2023 Conference on International Cyber Security | 7-8 November 2023
Register now

< Return to program overview

Panel 5


Regional Perspectives on Cyber Conflict and Digital Dependencies

Uchenna Jerome Orji

Dr Uchenna Jerome Orji is an Attorney admitted to the Nigerian Bar. He holds an LL.M from the University of Ibadan, with specialization in cybersecurity law and a PhD in Law from Nnamdi Azikiwe University, Nigeria, with specialization in telecommunications law. He is the author of Cybersecurity Law and Regulation (The Netherlands, 2012), International Telecommunications Law and Policy (United Kingdom, 2018), and Telecommunications Law and Regulation in Nigeria (United Kingdom, 2018), in addition to peer reviewed papers on several aspects of law. Uchenna is a Fellow of the African Center for Cyber Law and Cybercrime Prevention (ACCP) at the United Nations African Institute for the Prevention of Crime in Kampala, Uganda and has worked as an expert for the Council of Europe, the Commonwealth, the Dutch Government, the NATO Cooperative Cyber Defence Center of Excellence and the Government of Nigeria’s Presidential Advisory Committee Against Corruption. He is currently the Chair of the Department of Business Law at the American University of Nigeria, Yola, Adamawa State, Nigeria.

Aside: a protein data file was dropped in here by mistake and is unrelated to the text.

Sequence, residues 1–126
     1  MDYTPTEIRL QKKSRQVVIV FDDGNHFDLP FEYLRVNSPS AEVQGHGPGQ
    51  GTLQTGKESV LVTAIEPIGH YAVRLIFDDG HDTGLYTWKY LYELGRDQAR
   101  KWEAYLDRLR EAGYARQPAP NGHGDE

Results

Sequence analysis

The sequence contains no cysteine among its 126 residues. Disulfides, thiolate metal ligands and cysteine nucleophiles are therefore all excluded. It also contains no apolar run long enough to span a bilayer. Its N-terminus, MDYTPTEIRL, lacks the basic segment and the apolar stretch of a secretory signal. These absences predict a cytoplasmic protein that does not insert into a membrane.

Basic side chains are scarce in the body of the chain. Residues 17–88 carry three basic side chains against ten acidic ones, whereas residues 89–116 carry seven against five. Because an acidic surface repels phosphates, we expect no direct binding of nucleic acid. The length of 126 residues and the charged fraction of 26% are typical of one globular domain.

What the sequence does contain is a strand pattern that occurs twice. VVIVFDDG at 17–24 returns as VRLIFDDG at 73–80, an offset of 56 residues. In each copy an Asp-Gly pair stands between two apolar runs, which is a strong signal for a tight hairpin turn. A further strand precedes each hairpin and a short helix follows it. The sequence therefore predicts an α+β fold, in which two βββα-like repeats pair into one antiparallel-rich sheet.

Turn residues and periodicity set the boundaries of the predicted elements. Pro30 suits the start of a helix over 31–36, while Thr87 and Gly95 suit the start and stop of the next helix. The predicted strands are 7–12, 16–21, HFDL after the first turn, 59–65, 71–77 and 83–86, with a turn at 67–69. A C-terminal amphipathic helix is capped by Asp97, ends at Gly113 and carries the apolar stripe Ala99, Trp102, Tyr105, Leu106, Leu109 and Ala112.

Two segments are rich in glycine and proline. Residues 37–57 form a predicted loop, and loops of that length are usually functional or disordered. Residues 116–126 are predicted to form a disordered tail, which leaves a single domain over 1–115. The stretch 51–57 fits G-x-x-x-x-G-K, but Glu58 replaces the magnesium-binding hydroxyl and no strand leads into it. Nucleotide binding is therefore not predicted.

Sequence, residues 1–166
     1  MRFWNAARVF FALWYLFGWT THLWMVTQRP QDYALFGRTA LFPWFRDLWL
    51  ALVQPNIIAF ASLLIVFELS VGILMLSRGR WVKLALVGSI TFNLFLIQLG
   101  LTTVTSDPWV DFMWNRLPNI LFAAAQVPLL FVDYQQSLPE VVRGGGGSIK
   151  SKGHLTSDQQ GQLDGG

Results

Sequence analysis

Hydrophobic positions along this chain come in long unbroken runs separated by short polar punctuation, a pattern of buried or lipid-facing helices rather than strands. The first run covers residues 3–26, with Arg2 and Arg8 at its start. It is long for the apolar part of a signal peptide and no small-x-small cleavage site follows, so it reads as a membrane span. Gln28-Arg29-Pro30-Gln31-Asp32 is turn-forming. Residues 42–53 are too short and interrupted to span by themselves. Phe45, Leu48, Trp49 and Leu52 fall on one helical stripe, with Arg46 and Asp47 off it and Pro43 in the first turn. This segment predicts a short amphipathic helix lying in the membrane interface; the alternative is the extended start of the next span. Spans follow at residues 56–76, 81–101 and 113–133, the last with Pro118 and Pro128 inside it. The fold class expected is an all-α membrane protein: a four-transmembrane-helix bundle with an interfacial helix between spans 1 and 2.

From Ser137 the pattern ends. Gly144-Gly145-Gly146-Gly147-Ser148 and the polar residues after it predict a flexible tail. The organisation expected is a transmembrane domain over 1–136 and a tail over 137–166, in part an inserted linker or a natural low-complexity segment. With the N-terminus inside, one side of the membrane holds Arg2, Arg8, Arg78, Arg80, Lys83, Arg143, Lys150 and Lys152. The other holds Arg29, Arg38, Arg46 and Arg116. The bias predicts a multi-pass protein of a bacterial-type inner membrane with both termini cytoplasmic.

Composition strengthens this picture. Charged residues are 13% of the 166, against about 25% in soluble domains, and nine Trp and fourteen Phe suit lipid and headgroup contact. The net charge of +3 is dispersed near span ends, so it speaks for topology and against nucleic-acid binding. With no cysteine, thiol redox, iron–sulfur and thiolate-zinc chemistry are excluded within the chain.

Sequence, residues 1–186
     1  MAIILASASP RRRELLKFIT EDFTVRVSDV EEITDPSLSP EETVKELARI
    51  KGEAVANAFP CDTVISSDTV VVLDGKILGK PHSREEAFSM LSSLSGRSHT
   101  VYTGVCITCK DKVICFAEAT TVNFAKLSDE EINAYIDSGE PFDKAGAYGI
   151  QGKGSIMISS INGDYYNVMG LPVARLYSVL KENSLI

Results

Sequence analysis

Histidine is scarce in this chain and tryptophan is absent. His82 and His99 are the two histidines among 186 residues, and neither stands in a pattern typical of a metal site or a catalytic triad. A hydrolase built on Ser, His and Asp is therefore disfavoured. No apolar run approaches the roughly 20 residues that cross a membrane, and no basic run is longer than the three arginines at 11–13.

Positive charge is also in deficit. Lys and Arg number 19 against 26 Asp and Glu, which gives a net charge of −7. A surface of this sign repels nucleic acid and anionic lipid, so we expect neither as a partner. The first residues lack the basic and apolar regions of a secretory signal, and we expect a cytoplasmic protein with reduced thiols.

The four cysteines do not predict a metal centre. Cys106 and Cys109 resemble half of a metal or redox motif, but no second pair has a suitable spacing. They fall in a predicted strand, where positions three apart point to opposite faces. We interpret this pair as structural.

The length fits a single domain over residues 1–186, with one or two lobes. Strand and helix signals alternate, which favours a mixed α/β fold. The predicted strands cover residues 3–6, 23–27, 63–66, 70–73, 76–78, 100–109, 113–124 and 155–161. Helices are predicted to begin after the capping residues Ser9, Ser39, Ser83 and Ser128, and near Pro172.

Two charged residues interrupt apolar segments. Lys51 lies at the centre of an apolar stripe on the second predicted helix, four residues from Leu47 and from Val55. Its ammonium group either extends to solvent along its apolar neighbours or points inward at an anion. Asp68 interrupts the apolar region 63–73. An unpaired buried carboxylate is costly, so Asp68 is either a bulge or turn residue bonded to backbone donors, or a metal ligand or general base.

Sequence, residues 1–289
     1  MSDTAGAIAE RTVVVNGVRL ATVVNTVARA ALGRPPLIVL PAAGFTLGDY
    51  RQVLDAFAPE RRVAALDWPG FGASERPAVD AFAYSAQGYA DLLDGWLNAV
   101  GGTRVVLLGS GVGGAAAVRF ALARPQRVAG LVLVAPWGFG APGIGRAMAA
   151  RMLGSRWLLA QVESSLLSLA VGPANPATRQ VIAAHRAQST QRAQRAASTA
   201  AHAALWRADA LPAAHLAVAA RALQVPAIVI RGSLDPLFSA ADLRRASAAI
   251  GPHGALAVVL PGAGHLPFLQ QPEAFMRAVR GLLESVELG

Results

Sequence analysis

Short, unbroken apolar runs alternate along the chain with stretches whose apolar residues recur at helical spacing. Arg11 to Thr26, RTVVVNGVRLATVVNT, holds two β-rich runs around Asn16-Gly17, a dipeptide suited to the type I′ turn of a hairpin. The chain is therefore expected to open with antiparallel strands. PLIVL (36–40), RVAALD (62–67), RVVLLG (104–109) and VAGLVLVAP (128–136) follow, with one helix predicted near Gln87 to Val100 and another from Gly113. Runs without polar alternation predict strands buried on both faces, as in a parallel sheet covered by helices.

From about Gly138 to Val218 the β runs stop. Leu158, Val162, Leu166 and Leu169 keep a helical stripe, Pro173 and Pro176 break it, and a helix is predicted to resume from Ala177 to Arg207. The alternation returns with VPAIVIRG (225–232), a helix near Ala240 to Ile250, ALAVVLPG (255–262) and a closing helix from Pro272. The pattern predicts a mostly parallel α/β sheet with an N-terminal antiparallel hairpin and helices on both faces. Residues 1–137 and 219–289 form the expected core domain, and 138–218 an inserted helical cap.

Examining the Applicability of African Regional Non-Aggression Treaties to State Aggression in Cyberspace

In June 2020, following a bilateral dispute between Ethiopia and Egypt over the Grand Ethiopian Renaissance Dam being built on the Nile River, it was reported that Egyptian hackers had launched cyber-attacks on a number of Ethiopian websites. While this appears to be the first reported incident of cyber conflict in Africa, there is a growing likelihood that cyber weapons will be used to advance political objectives in the continent. Already, the African continent has been challenged by incidents of inter-state conflicts leading the African Union to declare that “the scourge of conflicts in Africa constitutes a major impediment to the socio-economic development of the continent”. Accordingly, several African regional intergovernmental organizations have established legal frameworks to minimize conflicts amongst African States. The Economic Community of West African States (ECOWAS) adopted a Protocol on Non-Aggression in 1978. In 1996, the Southern African Development Community (SADC) adopted a Protocol on Politics, Defence, and Security Cooperation. In 2005, the African Union established the Non-Aggression and Common Defense Pact to put an end to “conflicts of any kind within and among States in Africa”. Also in 2006, African States in the Great Lakes Region adopted a Protocol on Non –Aggression and Mutual Defence in the Great Lakes Region. While the above regional Protocols clearly address issues relating to State aggression, there is no regional African regime that addresses State aggression in cyberspace. However, is it possible to apply the above frameworks to State aggression in cyberspace? Accordingly, this paper seeks to consider the application of the above African regional non-aggression treaties to State aggression in cyberspace and the related challenges thereto.